question on integration of $f(x)\delta(g(x))$

I am learning integration with dirac delta. I do not understand this result by Maple

Mathematica graphics

When I work it by hand, using known relation (here is an image of the page)

Mathematica graphics


$ $ \int_{0}^{\pi}f\left( x\right) \delta\left( g\left( x\right) \right) dx=\sum_{x_{0}}\frac{f\left( x_{0}\right) }{\left\vert g^{\prime}\left( x_{0}\right) \right\vert } $ $

Where the sum is over all zeros of $ g\left( x\right) $ in the integration interval, which is $ \left\{ 0,\pi\right\} $ since $ \sin\left( x\right) $ is zero at these points, and since $ g^{\prime}\left( x\right) =\cos\left( x\right) $ , and $ f\left( x\right) =\frac{1}{x}$ , then I get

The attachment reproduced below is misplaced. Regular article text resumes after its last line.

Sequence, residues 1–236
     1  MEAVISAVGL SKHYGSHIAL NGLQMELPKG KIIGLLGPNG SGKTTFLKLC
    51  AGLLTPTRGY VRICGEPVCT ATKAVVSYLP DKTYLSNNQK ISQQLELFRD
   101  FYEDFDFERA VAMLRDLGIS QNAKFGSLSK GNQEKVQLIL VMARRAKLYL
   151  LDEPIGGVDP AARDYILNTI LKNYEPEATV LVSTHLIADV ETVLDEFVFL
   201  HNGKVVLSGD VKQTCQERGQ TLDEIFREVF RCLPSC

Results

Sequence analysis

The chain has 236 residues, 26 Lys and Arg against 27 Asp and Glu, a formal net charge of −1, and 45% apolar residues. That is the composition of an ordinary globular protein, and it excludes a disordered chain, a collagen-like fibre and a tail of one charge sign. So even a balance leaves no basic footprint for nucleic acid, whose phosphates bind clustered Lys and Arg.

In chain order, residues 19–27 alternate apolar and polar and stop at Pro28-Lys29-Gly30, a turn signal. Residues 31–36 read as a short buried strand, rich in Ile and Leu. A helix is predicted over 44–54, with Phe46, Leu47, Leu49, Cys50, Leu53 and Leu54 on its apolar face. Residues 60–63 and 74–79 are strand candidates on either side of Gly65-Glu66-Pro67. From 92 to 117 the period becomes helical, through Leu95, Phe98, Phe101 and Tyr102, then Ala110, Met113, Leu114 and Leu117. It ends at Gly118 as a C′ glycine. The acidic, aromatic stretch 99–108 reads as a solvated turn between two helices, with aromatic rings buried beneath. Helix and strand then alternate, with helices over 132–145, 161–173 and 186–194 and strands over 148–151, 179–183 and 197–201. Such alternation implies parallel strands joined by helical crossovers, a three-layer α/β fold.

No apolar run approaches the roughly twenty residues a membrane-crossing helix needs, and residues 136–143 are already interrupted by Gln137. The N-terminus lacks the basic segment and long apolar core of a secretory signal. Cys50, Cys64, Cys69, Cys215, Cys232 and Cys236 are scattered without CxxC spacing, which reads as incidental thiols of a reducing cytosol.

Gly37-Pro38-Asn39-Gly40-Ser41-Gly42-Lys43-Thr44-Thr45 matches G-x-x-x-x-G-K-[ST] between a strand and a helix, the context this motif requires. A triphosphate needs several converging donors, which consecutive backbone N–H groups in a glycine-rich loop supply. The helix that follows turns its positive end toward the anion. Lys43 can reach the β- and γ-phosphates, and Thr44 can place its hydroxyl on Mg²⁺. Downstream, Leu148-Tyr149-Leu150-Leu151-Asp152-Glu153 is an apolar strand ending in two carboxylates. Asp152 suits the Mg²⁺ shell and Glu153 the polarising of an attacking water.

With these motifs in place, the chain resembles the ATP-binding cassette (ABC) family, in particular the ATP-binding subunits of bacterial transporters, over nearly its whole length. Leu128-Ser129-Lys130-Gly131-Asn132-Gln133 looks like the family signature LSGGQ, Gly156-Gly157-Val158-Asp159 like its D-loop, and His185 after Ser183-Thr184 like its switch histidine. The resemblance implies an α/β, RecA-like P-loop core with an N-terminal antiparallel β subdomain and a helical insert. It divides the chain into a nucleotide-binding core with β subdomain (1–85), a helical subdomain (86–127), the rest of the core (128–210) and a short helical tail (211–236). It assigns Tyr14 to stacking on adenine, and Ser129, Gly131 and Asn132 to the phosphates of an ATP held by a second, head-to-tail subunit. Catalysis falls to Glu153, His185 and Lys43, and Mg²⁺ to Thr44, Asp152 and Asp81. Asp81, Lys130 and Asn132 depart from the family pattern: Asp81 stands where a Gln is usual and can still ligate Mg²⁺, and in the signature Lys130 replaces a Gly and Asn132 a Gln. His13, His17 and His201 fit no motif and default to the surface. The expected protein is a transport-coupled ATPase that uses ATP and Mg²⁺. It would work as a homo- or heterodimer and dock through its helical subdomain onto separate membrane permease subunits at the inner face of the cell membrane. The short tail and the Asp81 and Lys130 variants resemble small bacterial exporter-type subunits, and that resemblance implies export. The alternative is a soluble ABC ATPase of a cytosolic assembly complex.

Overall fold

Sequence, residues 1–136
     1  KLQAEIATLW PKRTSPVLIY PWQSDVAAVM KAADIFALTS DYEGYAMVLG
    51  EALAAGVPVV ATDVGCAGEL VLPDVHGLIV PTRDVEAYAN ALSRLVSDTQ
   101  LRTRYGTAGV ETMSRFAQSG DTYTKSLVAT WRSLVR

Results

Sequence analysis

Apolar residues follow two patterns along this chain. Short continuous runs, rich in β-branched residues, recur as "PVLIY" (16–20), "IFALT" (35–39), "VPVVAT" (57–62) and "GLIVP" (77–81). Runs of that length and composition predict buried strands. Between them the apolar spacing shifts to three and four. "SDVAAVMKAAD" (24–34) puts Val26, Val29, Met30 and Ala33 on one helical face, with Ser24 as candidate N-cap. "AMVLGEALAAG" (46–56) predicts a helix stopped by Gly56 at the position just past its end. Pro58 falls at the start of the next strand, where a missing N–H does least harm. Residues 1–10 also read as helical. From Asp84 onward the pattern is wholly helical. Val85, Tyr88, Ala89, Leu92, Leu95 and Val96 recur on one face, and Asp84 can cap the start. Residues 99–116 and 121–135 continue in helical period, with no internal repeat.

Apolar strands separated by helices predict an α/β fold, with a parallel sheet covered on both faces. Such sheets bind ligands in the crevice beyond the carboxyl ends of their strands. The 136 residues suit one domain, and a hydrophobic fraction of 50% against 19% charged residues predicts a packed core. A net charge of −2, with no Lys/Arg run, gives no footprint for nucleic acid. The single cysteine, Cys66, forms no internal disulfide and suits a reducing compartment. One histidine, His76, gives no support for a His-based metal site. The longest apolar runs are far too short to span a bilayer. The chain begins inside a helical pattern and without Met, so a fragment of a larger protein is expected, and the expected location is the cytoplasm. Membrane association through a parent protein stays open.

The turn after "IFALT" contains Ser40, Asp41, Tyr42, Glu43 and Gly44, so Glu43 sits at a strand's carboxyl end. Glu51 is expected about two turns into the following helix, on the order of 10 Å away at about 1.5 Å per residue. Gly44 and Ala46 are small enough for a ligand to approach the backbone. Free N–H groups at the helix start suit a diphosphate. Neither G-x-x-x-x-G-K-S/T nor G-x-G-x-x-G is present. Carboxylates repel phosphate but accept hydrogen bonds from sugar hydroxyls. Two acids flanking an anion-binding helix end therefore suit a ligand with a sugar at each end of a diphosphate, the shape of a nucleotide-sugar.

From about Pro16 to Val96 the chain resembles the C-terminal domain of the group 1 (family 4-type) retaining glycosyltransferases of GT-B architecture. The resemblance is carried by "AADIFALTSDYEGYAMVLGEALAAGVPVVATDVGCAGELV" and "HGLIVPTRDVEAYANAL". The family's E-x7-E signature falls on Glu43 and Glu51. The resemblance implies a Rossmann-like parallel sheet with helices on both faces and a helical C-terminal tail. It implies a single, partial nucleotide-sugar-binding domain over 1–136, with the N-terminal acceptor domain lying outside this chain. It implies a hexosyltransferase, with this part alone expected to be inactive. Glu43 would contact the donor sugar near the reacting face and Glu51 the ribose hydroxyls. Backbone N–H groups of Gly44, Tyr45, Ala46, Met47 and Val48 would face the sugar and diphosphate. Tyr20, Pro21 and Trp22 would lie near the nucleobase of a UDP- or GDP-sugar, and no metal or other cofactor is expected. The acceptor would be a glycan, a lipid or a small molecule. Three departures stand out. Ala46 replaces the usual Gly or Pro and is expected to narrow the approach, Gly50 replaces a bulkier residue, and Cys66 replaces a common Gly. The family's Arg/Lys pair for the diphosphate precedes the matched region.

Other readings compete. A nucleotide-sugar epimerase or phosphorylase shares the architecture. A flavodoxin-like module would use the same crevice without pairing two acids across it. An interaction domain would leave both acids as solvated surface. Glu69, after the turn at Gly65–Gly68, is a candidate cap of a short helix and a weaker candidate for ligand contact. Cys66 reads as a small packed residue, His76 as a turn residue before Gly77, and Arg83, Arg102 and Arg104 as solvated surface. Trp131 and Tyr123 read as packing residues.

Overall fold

\begin{align*} \int_{0}^{\pi}f\left( x\right) \delta\left( g\left( x\right) \right) dx & =\lim_{x\rightarrow0}\frac{\frac{1}{x}}{\left\vert \cos\left( x\right) \right\vert }+\lim_{x\rightarrow\pi}\frac{\frac{1}{x}}{\left\vert \cos\left( x\right) \right\vert }\ & =\infty \end{align*}

So I am doing something wrong or not using the above result correctly. Is it ok to use the zeros of $ g(x)$ if they located at the edge of the interval as in this case? There are no other zeros inside the interval.

Does this mean if there are no zeros of $ g(x)$ in the interval of integration, the integral is therefore zero, since nothing to sum?

How did Maple obtain zero for the above?